Our school also participated in a monthly series of programming contests with other schools in the suburban Detroit area. Basically it worked like this: each team would bring one Apple II and four team members and be assigned to a classroom. At the start of the competition, each team would be given 2-4 programming assignments, with some sample data and correct output. We’d then be on the clock to figure out the problems and write up programs, which would then be submitted on floppy to the teachers running the contest. Each finished program scored 100 points, minus 10 points for every submission that failed with the secret test data, and minus 1 point for every 10 minutes that elapsed.

I have no idea if young people still do this kind of thing, but it was awesome. It was social, it was practical, it was competitive… and it ended with pizza from Hungry Howie’s, so that’s always a win.

Maybe we don’t need these kinds of experiences for young programmers today. Maybe a contrived contest is irrelevant when a young person can compete with the rest of the world by writing an app and putting it on the App Store, or by putting up a web page with all manner of JavaScript trickery and bling. Still, it’s a danger to get too tied to the concretes of today, the specifics of CSS animations and App Store code-signing misery. Early academic exercises like earning to count in hex, even if it’s to score points on a quiz, will likely pay off later.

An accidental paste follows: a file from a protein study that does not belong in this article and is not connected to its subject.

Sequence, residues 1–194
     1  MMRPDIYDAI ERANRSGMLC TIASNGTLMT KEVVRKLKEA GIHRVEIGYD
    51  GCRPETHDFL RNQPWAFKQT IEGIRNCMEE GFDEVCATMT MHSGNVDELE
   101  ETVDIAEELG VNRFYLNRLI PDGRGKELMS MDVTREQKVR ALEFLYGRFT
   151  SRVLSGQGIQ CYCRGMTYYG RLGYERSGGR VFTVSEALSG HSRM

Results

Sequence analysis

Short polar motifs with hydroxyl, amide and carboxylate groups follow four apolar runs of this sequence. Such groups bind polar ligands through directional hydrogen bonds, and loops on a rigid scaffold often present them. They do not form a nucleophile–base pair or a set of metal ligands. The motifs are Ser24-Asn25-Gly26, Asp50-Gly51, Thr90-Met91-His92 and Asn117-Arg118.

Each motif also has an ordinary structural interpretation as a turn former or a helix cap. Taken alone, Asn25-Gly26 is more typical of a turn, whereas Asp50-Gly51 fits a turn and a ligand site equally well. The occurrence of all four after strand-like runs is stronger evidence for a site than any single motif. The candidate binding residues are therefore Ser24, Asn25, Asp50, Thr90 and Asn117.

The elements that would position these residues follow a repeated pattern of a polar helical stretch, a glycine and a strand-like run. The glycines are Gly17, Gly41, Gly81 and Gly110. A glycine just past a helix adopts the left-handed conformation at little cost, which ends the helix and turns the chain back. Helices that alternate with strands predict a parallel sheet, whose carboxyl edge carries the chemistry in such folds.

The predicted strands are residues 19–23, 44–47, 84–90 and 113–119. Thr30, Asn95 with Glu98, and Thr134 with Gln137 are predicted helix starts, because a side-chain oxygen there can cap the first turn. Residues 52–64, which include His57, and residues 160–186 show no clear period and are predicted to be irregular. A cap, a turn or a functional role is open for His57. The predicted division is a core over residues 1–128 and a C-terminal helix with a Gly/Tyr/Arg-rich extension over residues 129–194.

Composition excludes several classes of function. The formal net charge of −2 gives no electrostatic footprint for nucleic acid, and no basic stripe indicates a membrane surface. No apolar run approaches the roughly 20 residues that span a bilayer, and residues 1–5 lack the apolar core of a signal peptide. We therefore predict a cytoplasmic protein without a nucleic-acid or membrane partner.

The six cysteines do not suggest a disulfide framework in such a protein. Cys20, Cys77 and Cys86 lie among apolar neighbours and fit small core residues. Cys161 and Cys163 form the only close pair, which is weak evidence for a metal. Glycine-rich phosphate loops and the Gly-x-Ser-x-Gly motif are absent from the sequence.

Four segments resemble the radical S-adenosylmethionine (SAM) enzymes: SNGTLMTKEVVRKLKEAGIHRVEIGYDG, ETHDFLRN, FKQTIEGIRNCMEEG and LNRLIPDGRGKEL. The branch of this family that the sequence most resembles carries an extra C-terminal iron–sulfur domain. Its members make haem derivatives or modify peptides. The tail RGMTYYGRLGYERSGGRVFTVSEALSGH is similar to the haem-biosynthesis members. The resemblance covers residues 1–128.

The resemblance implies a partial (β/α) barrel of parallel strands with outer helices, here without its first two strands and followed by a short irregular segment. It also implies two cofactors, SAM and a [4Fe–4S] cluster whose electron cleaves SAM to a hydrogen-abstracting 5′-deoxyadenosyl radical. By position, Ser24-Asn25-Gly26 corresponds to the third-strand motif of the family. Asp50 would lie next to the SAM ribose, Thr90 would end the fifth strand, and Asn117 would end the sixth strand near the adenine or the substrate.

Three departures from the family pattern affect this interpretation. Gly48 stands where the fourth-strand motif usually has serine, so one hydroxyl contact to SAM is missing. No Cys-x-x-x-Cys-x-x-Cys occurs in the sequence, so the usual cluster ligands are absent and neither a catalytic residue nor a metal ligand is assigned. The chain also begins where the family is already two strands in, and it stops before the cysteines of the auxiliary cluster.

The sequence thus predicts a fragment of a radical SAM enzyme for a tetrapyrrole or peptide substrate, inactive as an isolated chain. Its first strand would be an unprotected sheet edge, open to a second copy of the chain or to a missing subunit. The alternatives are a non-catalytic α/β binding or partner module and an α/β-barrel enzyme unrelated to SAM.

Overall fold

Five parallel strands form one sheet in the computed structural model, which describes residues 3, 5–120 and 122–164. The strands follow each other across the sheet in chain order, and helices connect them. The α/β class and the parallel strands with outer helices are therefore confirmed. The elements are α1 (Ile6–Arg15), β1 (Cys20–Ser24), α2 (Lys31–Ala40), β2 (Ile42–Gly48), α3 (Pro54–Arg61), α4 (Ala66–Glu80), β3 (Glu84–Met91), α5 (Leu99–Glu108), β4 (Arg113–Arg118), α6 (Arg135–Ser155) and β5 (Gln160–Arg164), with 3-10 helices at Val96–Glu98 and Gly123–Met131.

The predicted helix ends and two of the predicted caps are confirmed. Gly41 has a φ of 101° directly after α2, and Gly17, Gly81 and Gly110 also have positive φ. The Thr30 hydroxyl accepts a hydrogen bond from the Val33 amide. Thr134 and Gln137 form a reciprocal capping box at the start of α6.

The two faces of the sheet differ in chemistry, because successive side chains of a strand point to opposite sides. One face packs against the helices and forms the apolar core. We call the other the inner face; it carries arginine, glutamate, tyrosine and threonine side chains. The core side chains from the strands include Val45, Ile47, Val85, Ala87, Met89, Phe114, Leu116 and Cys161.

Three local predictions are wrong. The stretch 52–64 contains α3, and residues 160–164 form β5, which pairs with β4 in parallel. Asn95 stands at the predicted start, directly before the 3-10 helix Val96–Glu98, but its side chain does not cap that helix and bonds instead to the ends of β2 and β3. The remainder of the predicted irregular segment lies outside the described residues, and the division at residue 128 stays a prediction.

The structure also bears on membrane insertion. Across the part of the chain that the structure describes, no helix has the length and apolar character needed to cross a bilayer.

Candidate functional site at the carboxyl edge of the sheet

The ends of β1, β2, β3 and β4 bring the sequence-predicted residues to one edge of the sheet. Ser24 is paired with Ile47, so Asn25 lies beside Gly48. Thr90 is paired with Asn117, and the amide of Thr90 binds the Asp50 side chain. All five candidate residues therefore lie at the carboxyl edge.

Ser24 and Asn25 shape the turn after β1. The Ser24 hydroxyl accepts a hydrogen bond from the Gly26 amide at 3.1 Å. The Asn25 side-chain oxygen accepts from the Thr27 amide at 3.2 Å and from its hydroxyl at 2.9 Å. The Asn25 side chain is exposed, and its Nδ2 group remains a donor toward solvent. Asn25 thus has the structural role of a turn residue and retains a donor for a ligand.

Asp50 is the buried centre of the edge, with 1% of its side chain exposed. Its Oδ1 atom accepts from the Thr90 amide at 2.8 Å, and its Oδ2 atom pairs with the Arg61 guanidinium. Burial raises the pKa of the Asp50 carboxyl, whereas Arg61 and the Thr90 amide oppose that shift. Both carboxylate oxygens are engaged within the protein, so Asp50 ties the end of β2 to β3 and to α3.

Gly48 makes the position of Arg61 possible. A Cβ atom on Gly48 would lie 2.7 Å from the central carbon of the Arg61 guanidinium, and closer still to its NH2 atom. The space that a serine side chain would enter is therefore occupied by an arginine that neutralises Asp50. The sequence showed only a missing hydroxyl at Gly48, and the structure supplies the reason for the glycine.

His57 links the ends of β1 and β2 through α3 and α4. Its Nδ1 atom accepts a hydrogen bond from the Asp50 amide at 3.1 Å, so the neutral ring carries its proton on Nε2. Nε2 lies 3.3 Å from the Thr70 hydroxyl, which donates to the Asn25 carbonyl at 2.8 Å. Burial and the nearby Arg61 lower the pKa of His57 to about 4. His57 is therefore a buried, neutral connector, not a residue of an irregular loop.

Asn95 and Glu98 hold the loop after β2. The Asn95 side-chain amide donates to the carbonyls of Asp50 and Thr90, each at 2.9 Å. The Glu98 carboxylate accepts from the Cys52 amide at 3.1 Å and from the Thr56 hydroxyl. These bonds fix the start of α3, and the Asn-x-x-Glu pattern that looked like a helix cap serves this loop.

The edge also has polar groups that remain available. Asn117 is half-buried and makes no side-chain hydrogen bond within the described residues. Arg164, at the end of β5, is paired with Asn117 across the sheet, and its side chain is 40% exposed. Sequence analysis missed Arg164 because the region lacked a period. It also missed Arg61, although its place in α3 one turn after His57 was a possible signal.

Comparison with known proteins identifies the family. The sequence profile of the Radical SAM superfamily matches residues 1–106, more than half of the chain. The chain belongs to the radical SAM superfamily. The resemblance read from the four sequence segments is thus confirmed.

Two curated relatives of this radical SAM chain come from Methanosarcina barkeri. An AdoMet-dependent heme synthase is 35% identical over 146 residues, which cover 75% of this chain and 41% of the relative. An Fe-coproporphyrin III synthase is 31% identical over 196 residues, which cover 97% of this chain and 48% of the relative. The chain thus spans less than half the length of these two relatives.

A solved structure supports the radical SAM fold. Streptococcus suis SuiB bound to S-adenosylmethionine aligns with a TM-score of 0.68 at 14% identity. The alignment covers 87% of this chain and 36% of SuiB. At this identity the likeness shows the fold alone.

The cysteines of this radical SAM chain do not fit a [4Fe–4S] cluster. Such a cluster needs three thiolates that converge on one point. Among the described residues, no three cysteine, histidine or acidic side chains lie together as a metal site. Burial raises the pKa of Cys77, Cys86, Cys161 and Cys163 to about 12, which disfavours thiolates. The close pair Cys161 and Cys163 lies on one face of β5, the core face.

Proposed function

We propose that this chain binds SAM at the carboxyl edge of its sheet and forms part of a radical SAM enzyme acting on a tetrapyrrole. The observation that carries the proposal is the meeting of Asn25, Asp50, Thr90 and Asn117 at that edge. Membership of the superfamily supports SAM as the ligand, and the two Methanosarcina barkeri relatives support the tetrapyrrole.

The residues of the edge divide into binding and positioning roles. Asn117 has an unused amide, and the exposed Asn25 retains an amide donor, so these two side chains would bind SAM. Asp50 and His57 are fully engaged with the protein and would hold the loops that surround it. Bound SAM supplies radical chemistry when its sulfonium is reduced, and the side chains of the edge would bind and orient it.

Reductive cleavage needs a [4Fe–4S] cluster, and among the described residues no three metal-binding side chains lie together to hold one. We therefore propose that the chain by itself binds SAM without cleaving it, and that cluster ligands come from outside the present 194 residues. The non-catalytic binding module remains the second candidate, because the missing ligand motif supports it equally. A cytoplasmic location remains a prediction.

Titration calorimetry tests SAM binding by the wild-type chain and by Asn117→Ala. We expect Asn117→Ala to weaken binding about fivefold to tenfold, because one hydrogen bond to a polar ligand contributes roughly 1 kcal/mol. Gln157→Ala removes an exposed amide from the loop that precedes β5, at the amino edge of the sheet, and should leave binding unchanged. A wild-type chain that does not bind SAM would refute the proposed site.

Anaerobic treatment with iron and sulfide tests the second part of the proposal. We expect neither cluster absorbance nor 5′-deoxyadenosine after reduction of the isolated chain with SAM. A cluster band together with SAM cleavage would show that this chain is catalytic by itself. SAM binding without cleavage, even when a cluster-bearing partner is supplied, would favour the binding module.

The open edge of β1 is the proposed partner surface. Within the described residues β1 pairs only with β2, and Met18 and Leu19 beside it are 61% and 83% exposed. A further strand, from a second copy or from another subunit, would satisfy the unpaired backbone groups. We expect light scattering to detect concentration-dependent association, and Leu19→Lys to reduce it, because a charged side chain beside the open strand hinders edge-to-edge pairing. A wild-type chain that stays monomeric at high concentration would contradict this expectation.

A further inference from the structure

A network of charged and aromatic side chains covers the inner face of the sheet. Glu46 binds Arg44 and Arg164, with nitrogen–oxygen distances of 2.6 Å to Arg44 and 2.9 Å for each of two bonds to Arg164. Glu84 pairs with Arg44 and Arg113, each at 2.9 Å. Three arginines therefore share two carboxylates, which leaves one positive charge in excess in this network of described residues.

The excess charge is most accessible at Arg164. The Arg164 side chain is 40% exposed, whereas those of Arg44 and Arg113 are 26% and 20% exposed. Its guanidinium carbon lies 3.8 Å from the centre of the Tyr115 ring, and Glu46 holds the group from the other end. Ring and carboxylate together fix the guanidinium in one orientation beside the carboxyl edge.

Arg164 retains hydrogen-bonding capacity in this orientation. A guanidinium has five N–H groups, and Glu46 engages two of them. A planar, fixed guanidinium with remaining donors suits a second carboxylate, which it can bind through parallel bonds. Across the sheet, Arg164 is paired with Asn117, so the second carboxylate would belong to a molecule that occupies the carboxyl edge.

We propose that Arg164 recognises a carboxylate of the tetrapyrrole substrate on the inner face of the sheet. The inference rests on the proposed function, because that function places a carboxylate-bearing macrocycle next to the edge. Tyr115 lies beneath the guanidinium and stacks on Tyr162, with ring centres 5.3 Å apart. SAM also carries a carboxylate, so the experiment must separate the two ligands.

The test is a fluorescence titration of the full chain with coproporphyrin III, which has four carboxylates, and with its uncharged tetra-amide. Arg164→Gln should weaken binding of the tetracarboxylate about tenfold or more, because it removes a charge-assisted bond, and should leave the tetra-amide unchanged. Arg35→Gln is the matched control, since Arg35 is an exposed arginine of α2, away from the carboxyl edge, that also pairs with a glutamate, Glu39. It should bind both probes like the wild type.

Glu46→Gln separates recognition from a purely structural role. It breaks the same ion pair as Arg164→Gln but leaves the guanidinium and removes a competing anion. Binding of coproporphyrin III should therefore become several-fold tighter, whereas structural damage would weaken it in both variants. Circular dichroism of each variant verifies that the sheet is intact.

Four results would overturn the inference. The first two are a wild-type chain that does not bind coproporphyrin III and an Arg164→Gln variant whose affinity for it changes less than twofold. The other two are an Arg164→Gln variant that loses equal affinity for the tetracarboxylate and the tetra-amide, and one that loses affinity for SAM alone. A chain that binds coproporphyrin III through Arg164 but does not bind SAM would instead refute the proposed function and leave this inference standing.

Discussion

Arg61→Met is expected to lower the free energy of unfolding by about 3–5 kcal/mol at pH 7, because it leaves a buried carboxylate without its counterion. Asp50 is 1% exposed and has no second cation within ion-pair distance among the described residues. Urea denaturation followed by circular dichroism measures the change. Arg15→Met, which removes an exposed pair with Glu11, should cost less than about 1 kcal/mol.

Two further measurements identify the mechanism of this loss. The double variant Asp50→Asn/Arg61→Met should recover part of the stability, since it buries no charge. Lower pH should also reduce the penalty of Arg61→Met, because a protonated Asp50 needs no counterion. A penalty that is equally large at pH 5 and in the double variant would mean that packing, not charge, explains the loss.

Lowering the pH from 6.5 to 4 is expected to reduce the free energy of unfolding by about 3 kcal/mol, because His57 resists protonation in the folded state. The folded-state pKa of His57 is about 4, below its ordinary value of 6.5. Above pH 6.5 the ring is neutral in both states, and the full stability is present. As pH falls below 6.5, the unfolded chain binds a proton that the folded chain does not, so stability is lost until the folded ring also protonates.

The Other iOS Programming Language

My latest contract project has me doing a bunch of custom work with a UIWebView: we have XHTML content that we want to render in our app, but with some fairly extensive changes to its presentation, such as paginating the content like a book, and intercepting taps on links. Given the option of using and customizing the built-in WebKit rendering, versus parsing the XHTML myself, laying it out, etc., the choice was a no-brainer.